The released video displays non-expert students using the HoloLens to construct the Woven Steel pavilion, integrating the views from their screen with physical construction. Completed entirely by eye through augmented reality technology, it shows how the HoloLens can fulfill one of its originally predicted potentials of drastically simplifying construction and maintenance work. In this case, the creation of the Woven Steel pavilion took under three days, displaying the possibilities of constructing complex geometries through simplified and accessible methods. It radically expands the possibilities of what can be physically built,

Courtesy of Fologram
Courtesy of Fologram
Continue reading "The World’s First Pavilion-Scale Structure Built Using Augmented Reality"

Stefano Boeri Combats Rural Decline With Free Initiative

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School Exterior Visualization. Image Courtesy of Stefano Boeri Architetti School Exterior Visualization. Image Courtesy of Stefano Boeri Architetti For the 2018 Venice BiennaleStefano Boeri Architetti presents Slow Food Freespace, the first Slow Village to be constructed in Sichuan, China. Made in collaboration with Slow Food Movement, speakers Stefano Boeri and Carlo Petrini discussed the project at the event “Across Chinese Cities - The Community.”  For the Slow Food China project, Stefano Boeri Architetti has designed a school, a library and a small museum for the villages involved, free of charge. The program attempts to encourage millions of Chinese farmers to stay in their rural districts, combatting the unprecedented emigration to cities which has grown in the last few years. By offering educational facilities and cultural landmarks to these rural communities, it inspires the preservation of local culture and acknowledges the importance of the agricultural economy.
Territory. Image Courtesy of Stefano Boeri Architetti Territory. Image Courtesy of Stefano Boeri Architetti
Masterplan. Image Courtesy of Stefano Boeri Architetti Masterplan. Image Courtesy
School Visualization. Image Courtesy of Stefano Boeri Architetti
Library Visualization. Image Courtesy of Stefano Boeri Architetti
Elevations and Plans. Image Courtesy of Stefano Boeri Architetti
Continue reading "Stefano Boeri Combats Rural Decline With Free Initiative"

Bee Breeders Announce Winners of Nemrut Volcano Eyes Competition

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First Prize. Image Courtesy of Bee Breeders First Prize. Image Courtesy of Bee Breeders Bee Breeders have announced the winners of the Nemrut Volcano Eyes Competition, where participants were tasked with designing a visitor observation platform on top of Nemrut, a dormant volcano in eastern Turkey. With the unique natural environment, including a caldera and a pair of lakes, the observation platform is intended to provide unobstructed views of the extraordinary landscape. The jury encouraged submissions that were cost-effective, environmentally-responsible, and energy-efficient. Below are the winners of the competition:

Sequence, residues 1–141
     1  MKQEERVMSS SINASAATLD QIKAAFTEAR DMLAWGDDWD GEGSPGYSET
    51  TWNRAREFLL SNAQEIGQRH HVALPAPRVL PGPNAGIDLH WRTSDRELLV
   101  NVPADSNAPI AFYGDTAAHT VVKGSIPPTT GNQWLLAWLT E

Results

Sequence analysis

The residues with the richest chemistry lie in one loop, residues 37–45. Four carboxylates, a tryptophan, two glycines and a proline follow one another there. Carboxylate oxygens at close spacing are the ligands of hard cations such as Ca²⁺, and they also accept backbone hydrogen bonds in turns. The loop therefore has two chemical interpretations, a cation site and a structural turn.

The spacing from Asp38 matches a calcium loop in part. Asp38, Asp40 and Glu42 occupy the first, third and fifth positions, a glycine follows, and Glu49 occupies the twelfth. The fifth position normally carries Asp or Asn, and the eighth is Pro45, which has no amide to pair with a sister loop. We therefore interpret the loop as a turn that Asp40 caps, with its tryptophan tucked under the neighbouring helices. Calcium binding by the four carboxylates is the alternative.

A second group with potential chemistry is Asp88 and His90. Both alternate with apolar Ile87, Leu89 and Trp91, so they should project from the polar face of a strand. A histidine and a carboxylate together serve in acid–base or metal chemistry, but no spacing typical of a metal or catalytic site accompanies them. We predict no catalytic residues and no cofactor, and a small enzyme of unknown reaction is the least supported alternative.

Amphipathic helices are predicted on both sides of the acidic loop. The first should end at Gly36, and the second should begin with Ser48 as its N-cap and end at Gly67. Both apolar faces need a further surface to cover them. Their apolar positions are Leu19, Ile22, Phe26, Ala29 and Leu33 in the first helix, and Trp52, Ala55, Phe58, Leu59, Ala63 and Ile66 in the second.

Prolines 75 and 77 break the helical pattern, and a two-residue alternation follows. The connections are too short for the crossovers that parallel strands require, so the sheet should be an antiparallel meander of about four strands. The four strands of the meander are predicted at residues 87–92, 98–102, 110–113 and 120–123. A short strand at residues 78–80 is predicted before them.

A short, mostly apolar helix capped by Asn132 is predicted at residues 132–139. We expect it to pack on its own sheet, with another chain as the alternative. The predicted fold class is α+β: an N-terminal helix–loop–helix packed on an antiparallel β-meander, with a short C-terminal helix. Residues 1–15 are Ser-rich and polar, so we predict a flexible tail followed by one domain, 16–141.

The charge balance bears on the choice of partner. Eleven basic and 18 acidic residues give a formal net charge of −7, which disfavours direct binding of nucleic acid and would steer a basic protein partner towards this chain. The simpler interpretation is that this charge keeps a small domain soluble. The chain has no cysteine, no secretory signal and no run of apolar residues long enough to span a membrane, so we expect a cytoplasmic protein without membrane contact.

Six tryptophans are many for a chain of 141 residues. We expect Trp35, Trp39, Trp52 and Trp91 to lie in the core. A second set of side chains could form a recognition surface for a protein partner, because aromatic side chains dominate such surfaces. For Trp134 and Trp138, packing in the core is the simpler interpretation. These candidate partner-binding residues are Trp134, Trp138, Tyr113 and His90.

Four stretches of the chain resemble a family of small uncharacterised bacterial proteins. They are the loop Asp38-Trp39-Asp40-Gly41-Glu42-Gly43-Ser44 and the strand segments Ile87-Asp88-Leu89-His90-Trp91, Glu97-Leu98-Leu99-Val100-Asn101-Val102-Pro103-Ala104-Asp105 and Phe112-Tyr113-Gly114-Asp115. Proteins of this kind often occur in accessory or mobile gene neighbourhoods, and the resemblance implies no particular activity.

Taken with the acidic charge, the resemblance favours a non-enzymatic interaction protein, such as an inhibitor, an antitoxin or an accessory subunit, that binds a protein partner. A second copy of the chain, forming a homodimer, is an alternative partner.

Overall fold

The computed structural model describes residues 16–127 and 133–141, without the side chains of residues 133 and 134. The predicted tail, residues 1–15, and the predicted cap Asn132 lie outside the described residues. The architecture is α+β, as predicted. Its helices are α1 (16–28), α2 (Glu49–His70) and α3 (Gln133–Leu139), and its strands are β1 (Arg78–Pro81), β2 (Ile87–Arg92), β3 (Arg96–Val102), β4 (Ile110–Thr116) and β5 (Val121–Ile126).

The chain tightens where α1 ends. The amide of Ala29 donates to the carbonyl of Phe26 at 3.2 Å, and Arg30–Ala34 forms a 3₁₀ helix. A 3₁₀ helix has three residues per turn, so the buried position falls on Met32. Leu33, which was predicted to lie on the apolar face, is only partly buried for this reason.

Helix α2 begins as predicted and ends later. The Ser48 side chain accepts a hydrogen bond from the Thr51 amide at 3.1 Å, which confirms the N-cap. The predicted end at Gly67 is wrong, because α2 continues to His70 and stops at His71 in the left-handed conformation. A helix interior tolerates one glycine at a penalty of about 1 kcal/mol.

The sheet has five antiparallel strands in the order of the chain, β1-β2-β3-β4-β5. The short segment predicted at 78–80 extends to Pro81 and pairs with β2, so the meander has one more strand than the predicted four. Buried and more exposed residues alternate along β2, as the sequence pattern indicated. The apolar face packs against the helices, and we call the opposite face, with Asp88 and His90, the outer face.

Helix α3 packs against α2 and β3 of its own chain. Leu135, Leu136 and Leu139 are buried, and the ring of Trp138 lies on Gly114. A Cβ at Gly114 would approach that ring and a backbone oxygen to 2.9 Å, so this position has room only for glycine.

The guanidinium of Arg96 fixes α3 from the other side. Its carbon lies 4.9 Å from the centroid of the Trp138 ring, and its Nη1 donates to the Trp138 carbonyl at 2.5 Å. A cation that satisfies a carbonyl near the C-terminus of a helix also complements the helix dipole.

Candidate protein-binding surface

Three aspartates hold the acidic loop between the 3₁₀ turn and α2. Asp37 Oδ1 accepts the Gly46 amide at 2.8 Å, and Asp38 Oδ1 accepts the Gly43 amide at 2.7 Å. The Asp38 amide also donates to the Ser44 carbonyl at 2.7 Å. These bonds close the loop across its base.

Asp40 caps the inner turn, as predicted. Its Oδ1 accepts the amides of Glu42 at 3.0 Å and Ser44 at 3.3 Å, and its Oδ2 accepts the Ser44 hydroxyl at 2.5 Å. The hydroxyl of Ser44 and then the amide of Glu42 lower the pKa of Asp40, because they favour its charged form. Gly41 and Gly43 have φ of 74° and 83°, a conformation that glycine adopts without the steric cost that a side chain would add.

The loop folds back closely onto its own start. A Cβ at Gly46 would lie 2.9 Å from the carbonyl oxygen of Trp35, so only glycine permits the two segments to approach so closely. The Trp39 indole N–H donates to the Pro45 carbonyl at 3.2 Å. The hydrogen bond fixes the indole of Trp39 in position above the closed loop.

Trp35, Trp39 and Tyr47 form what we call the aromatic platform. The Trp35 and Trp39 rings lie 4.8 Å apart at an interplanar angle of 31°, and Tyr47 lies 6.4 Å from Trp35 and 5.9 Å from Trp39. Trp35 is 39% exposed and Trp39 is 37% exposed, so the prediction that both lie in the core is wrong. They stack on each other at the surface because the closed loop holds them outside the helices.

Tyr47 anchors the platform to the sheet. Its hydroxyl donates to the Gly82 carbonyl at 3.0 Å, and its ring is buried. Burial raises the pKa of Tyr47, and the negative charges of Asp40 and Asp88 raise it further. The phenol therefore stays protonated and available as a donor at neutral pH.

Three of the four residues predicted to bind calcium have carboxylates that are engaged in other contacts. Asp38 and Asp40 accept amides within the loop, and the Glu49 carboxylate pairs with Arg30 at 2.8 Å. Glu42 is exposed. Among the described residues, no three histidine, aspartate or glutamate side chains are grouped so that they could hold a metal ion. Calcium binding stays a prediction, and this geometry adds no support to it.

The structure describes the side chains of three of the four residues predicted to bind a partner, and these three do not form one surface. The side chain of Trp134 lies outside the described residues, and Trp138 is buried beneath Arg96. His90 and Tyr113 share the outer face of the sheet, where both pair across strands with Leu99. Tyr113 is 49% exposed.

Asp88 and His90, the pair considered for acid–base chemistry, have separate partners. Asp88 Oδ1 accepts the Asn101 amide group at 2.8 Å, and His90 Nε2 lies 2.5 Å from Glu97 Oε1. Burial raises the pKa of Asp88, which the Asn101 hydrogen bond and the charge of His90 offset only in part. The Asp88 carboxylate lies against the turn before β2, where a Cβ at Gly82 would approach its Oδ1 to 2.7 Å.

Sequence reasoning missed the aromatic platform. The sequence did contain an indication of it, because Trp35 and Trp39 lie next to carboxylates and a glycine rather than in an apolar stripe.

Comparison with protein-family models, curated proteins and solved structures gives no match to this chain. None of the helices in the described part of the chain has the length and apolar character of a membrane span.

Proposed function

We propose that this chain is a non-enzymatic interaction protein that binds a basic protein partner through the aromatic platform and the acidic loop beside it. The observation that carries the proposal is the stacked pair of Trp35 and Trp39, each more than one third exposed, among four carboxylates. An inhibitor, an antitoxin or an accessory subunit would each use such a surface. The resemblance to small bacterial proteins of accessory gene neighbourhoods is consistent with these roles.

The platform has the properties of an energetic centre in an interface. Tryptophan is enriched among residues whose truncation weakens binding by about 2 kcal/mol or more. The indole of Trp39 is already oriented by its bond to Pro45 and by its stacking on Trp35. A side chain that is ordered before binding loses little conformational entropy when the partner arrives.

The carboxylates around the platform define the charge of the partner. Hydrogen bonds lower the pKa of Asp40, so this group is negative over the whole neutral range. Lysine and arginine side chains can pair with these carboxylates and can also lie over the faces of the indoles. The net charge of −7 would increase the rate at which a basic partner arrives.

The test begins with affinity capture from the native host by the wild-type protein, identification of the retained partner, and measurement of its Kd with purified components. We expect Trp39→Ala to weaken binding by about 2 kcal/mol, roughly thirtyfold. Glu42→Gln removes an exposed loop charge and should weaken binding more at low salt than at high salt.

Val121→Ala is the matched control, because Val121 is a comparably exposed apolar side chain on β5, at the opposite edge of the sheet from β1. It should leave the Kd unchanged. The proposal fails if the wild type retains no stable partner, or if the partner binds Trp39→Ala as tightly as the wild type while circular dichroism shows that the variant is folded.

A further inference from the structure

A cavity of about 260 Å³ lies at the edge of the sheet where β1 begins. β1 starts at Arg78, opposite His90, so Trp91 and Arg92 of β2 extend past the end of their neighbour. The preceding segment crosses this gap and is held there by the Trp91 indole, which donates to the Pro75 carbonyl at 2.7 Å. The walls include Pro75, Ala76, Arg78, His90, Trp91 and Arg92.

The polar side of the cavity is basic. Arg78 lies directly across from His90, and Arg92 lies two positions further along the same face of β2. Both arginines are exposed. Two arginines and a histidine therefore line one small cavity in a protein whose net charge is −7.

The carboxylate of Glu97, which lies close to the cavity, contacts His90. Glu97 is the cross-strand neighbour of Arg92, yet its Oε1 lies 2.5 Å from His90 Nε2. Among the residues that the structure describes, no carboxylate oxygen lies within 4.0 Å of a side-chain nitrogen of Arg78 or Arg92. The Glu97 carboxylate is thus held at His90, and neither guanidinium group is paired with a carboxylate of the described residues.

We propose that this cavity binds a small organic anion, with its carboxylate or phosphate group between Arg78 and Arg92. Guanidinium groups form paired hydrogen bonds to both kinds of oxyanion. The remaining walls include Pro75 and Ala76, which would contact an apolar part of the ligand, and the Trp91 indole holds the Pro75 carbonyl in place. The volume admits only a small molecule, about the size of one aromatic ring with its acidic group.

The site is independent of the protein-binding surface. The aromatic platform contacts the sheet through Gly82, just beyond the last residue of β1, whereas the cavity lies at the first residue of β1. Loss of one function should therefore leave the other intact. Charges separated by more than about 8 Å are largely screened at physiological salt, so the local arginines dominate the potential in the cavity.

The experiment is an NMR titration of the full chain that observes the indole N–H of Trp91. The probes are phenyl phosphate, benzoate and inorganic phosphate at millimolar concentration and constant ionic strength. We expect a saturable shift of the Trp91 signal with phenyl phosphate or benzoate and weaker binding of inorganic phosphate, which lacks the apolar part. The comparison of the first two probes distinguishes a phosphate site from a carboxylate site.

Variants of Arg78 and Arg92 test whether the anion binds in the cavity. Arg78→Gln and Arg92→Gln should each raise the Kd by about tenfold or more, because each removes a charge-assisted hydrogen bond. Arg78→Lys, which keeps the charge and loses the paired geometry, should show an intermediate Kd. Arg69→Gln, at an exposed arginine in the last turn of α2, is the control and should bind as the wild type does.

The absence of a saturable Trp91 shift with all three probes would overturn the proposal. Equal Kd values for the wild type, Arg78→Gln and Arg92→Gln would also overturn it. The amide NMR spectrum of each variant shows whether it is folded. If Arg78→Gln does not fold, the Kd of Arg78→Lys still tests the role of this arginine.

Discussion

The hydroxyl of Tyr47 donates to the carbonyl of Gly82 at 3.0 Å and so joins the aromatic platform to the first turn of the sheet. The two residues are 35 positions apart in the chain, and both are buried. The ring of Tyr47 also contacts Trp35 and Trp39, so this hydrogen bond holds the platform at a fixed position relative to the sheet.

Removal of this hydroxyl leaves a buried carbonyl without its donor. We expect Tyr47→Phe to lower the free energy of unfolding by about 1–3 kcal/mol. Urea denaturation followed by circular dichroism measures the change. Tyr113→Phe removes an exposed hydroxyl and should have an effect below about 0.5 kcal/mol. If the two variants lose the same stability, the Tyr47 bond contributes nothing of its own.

First Prize. Image Courtesy of Bee Breeders First Prize. Image Courtesy of Bee Breeders

First Prize + Student Award

 Upservatory: Fernando Irizarry, Marcos Ortiz, Gabriel Rivera (University of Puerto Rico, Rio Piedras campus) The winning proposal takes inspiration from the ballooning sites over the vast Cappadocia in central Turkey. The 20 square meter platform hovers over the environment and is attached to a rail that controls its trajectory. Thus, creating a circular journey

Second Prize. Image Courtesy of Bee Breeders
Third Prize. Image Courtesy of Bee Breeders
Green Award. Image Courtesy of Bee Breeders
Continue reading "Bee Breeders Announce Winners of Nemrut Volcano Eyes Competition"

From Romantic Ruins to the Ultra-Real: A History of the Architectural Render

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Throughout history, architects have used sketches and paintings to display to their clients the potential outcomes of the projects rattling around their minds. Since Brunelleschi’s adoption of drawn perspective in 1415, architectural visualizations have painted hyper-realistic imaginings of an ideal, where the walls are always clean, the light always shines in the most perfect way, and the inhabitants are always happy. With technological advances in 3D modeling and digital rendering, this ability to sell an idea through a snapshot of the perfect architectural experience has become almost unrestricted. Many have criticized the dangers of unrealistic renderings that exceed reality and how they can create the illusion of a perfect project when, in fact, it is far from being resolved. However, this is only the natural next step in a history of fantastical representations, where the render becomes a piece of art itself. 

Below is a brief history

Gandy's Drawing of John Soane's Bank of England
Boullée's Cenotaph for Newton, Exterior
Boullée's Cenotaph for Newton, Interior
Ledoux, Theatre of Besançon
Isometric Drawing of Gropius' Study, Drawn by Herbert Bayer (1923). Image <a href='https://thecharnelhouse.org/2014/04/01/object-lessons-from-the-bauhaus/'>via The Charnel-House</a>
Archigram's Walking City proposal. Image courtesy of Deutsches Architekturmuseum